Newfoundland – 4, Twillingate

9 Aug

Upon leaving the beauty of Gros Morne Park, we drove over 400km in pouring rain to reach Twillingate – hoping it would be worth the long trek.  This picturesque fishing town is located at one of the most northern tips of Newfoundland and is known for being a whale watching & fishing haven.

One of the first attractions we saw when we a crossed the causeway to enter Twillingate was the Prime Berth Interpretative Fishing Centre & Craft Studio (www.primeberth.com). It was hard to miss as it boasts a real live skeleton of a whale on the outside – super cool!

Apparently, some years ago, a dead whale floated ashore some 30km from where Captain Dave & his family lived (the whale’s tail was cut off so the locals suspect it got hit by an oil tanker).  Dave called up the local government and asked what they were doing with the whale and subsequently received permission to transport it with his boat to a deserted island, where he and his friend Bill let it rot.  They then proceeded to take the bones and took months to clean and rebuild the skeleton.  They also used other items such as the baleen etc. to put on display at their outdoor fishing museum (a nice educational spot to learn about the fishing trade).

Upon entering the interpretative centre, Bill Cooze welcomed us with his stories, big smile and songs, using an “ugly stick”– a locally made, funny musical instrument – that Filou loved and learned to play a bit.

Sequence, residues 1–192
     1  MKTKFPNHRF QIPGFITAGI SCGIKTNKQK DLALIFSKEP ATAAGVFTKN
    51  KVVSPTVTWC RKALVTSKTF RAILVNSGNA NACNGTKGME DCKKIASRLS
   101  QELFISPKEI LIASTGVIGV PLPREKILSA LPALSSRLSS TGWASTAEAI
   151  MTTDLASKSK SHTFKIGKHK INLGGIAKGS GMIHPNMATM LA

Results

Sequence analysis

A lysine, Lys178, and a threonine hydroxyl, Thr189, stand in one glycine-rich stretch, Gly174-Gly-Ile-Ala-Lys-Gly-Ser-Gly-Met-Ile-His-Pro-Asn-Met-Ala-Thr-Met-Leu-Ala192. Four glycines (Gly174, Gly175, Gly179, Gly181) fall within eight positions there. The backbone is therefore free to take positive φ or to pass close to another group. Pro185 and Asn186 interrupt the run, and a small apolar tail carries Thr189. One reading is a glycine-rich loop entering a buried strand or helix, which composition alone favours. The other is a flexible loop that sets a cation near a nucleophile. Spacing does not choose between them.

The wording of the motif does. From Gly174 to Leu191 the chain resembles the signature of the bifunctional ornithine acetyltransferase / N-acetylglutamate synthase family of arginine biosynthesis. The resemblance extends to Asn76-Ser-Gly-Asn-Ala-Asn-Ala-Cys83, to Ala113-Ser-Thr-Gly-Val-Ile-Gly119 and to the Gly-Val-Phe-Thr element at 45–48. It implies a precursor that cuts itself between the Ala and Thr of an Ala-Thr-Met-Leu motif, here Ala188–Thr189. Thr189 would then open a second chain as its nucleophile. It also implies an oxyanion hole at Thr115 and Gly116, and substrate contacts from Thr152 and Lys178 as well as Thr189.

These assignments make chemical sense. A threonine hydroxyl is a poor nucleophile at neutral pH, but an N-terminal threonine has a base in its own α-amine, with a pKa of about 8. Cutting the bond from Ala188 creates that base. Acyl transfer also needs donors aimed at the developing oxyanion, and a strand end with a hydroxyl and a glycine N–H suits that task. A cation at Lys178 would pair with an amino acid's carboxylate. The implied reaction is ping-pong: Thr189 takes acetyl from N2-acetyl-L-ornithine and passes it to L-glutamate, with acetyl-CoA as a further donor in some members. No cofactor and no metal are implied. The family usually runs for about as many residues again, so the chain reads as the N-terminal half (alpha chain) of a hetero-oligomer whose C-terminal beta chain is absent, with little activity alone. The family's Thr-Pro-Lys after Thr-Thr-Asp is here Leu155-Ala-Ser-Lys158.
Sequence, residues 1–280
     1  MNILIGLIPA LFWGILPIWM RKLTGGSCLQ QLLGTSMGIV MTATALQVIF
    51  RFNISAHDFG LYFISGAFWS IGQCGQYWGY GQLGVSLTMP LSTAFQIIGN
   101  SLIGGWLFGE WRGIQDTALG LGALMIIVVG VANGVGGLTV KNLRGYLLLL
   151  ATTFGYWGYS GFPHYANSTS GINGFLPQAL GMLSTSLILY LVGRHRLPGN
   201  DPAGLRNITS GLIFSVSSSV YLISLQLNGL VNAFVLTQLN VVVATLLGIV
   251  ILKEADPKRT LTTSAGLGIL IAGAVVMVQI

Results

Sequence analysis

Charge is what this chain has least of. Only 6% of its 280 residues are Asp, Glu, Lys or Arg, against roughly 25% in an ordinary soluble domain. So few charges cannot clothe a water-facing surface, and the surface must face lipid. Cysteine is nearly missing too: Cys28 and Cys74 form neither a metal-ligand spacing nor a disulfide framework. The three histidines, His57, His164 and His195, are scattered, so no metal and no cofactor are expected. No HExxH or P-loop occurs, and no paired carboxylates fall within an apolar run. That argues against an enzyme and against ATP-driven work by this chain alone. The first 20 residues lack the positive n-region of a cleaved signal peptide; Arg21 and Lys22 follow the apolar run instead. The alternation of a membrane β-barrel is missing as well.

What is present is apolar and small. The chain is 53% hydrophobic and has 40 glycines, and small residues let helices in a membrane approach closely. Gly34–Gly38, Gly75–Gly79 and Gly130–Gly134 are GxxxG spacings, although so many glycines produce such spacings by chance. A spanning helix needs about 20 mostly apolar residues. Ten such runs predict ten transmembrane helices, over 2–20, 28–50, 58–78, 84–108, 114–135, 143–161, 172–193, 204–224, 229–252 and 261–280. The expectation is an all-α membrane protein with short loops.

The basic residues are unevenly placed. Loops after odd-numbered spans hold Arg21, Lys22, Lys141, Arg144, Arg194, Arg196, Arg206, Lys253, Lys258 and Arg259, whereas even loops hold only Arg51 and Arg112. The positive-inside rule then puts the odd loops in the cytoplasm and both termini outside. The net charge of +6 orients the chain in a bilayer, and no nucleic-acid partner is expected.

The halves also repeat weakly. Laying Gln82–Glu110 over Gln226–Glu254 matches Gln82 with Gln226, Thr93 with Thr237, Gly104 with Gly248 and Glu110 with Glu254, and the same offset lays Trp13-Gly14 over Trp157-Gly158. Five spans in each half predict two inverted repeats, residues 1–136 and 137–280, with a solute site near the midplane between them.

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Filou with a Newfoundland “ugly stick”

After speaking to the charismatic Captain Dave, we decided that he was the guy to provide our fishing enthusiast Emile with his “dream” trip, and so we booked our tour for 1:30 pm the next day (the locals in town recommended him too, as the go-to guy).  Dave suggested we park our RV at the old fishing wharf – a deserted, beautiful historic place by the water where we ended up having two wonderful nights of rest.

 

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The old Warf – our sleeping spot for 2 nights

The next morning, we first drove up the hill to see the Lighthouse and the famous “Iceberg Alley” – where we did spot an iceberg – although on the very distant coastline.  To fully take in the beauty of this location, we took another gorgeous hike alongside the water, taking in the splendour of the impressive, rocky coast.

That afternoon, the sunshine gods were with us for our boat tour and Captain Dave and his granddaughter escorted us on board for our fishing adventure – with the promise that Emile would catch the biggest fish he ever had.  Dave, quickly realized that our boys like a thrill, so he put the boat at full speed – bumping us over high waves towards our “prime berth” – or best fishing spot.  We flew so high that once we got completely thrown out of our seats, while splashed by fresh ocean water everywhere.  The boys were giddy with laughter and “water girl” had a blast too!